Japan has the longest average lifespan in the world, and the longest lived of the Japanese–the natives of the Ryukyu Islands–stop eating when they’re 80% full. Limiting your calorie intake means lower overall stress on the body.

13. Meditate

Meditation leads to stress reduction and lowered blood pressure.[10] Research suggests that it could also increase the activity of an enzyme associated with longevity.[11]

Taking as little as 15 minutes a day to find your zen can have significant health benefits, and may even extend your life.

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How to meditate? Here’re 8 Meditation Techniques for Complete Beginners

14. Maintain a Healthy Weight

Being overweight puts stress on your cardiovascular system, increasing your risk of heart disease.[12] It may also increase the risk of cancer.[13] Maintaining a healthy weight is important for heart health and living a long and healthy life.

15. Laugh Often

Laughter reduces the levels of stress hormones, like cortisol, in your body. High levels of these hormones can weaken your immune system.

16. Don’t Spend Too Much Time in the Sun

Too much time in the sun can lead to an increased risk of skin cancer. However, sun exposure is an excellent way to increase levels of vitamin D, so soaking up a few rays–perhaps for around 15 minutes a day–can be healthy. The key is moderation.

17. Cook Your Own Food

When you eat at restaurants, you surrender control over your diet. Even salads tend to have a large number of additives, from sugar to saturated fats. Eating at home will enable you to monitor your food intake and ensure a healthy diet.

Take a look at these 14 Healthy Easy Recipes for People on the Go and start to cook your own food.

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18. Eat Mushrooms

Mushrooms are a central ingredient in Dr. Joel Fuhrman’s GOMBS disease fighting diet. They boost the immune system and may even reduce the risk of cancer.[14]

19. Floss

Flossing helps to stave off gum disease, which is linked to an increased risk of cancer.[15]

20. Eat Foods Rich in Antioxidants

Antioxidants fight against the harmful effects of free-radicals, toxins which can cause cell damage and an increased risk of disease when they accumulate in the body. Berries, green tea and broccoli are three excellent sources of antioxidants.

Find out more antiosidants-rich foods here: 13 Delicious Antioxidant Foods That Are Great for Your Health

21. Have Sex

Getting down and dirty two to three times a week can have significant health benefits. Sex burns calories, decreases stress, improves sleep, and may even protect against heart disease.[16] It’s an easy and effective way to get exercise–so love long and prosper!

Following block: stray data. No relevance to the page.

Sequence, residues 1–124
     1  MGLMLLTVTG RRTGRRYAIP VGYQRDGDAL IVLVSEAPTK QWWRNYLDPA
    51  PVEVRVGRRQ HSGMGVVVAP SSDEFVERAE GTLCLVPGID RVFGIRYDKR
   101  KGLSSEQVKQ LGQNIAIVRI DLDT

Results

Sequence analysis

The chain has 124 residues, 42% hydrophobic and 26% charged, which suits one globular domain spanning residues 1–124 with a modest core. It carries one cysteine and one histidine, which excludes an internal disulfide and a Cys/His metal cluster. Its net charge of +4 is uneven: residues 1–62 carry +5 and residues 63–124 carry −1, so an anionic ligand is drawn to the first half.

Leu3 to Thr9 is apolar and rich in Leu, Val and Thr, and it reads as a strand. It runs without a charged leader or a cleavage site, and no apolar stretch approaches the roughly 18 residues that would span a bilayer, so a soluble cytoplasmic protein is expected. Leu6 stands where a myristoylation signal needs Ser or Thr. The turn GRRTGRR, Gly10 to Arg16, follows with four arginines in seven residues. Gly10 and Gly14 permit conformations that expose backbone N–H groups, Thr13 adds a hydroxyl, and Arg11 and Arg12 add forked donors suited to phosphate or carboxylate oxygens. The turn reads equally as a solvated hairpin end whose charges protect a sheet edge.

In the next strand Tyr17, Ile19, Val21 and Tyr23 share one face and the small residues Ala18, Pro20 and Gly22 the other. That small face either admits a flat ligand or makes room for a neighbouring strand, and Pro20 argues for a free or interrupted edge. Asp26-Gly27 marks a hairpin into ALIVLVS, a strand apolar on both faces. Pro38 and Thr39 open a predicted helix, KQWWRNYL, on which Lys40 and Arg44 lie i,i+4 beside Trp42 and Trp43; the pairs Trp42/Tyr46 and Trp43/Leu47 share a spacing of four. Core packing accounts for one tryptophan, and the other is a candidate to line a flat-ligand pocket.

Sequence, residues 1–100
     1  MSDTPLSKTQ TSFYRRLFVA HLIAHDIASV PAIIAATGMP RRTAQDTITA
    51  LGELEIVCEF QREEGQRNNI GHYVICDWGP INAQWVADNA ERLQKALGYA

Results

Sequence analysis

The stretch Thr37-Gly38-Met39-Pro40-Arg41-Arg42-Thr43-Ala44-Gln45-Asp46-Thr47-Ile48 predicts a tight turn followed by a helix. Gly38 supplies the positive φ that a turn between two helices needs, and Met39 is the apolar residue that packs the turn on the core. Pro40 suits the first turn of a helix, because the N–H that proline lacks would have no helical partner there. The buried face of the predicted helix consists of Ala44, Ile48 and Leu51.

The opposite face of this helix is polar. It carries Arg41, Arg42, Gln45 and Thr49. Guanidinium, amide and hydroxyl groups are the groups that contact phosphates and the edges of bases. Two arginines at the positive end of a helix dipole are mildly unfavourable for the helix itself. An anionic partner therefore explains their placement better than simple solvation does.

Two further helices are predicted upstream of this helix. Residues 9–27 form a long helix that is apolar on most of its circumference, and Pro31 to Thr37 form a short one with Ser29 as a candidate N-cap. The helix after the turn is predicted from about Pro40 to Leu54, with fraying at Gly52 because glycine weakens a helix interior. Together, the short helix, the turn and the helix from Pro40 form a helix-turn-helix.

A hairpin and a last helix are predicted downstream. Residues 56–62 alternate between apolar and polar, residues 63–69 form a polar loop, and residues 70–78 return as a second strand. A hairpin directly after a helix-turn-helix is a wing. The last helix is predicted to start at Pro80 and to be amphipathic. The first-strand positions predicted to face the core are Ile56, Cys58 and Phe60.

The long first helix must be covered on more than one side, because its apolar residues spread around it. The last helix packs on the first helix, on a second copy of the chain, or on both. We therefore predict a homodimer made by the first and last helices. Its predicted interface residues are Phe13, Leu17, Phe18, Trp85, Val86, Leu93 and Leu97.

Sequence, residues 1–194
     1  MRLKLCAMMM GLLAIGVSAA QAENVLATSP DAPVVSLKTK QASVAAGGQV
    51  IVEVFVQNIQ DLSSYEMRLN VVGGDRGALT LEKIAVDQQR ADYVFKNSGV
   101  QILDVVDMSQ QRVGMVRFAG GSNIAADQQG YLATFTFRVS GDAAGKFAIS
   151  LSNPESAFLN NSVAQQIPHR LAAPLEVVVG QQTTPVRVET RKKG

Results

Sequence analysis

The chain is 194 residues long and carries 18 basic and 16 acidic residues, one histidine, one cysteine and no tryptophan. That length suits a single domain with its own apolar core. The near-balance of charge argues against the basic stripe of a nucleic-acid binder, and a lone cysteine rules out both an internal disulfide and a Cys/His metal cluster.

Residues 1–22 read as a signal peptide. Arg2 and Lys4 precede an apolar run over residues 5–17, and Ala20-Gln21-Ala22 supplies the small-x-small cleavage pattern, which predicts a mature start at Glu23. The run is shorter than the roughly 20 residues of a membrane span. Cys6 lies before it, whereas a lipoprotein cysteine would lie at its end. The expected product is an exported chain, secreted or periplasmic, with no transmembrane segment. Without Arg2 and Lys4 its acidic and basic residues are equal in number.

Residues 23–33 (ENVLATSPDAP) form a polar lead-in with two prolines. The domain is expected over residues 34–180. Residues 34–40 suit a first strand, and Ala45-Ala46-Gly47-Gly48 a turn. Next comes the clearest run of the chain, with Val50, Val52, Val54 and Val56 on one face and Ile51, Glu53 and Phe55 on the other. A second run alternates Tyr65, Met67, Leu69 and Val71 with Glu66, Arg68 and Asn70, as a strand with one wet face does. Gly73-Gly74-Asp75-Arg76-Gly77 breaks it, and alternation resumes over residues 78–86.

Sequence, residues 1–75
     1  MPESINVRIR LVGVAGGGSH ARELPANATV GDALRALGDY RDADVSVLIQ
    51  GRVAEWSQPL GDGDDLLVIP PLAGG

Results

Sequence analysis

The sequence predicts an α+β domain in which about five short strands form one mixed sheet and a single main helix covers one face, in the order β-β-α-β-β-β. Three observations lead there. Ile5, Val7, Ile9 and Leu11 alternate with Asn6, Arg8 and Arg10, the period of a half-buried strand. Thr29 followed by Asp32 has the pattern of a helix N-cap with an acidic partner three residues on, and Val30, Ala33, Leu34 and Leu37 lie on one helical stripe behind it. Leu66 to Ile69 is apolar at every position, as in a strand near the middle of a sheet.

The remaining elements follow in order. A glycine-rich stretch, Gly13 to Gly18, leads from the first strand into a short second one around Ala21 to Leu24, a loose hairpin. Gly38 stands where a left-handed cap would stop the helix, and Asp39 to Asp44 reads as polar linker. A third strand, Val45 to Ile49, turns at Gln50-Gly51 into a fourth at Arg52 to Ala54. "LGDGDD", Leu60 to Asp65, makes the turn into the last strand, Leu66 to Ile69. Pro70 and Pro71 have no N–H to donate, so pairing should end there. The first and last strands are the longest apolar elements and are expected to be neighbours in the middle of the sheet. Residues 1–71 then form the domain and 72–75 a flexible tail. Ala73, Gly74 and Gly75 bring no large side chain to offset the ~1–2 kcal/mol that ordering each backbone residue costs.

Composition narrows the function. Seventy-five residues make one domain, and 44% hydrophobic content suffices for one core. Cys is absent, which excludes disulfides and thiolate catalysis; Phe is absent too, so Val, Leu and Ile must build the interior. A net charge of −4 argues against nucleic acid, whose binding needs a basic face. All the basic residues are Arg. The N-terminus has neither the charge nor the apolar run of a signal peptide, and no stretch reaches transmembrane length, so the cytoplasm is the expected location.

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Featured photo credit: Sweethearts/Patrick via flickr.com

Reference

[1] Wiley Online Library: Late‐Life Alcohol Consumption and 20‐Year Mortality
[2] BMJ Journals: Television viewing time and reduced life expectancy: a life table analysis
[3] Arch Intern Med.: Red Meat Consumption and Mortality
[4] PLOS Medicine: Social Relationships and Mortality Risk: A Meta-analytic Review
[5] JAMA: Fish and Omega-3 Fatty Acid Intake and Risk of Coronary Heart Disease in Women
[6] NCBI: Effects of Omega‐3 Fatty Acids on Cognitive Function with Aging, Dementia, and Neurological Diseases: Summary
[7] Mayo Clinic Proc: Prediction of all-cause mortality by the Minnesota Multiphasic Personality Inventory Optimism-Pessimism Scale scores: study of a college sample during a 40-year follow-up period.
[8] Med Hypotheses.: Pet ownership protects against the risks and consequences of coronary heart disease.
[9] The New England Journal of Medicine: Association of Coffee Drinking with Total and Cause-Specific Mortality
[10] American Journal of Hypertension: Blood Pressure Response to Transcendental Meditation: A Meta-analysis
[11] Science Direct: Intensive meditation training, immune cell telomerase activity, and psychological mediators
[12] JAMA: The Disease Burden Associated With Overweight and Obesity
[13] JAMA: The Disease Burden Associated With Overweight and Obesity
[14] African Journal of Biotechnology: Anti-cancer effect of polysaccharides isolated from higher basidiomycetes mushrooms
[15] Science Direct: Periodontal disease, tooth loss, and cancer risk in male health professionals: a prospective cohort study
[16] AHA Journals: Sexual Activity and Cardiovascular Disease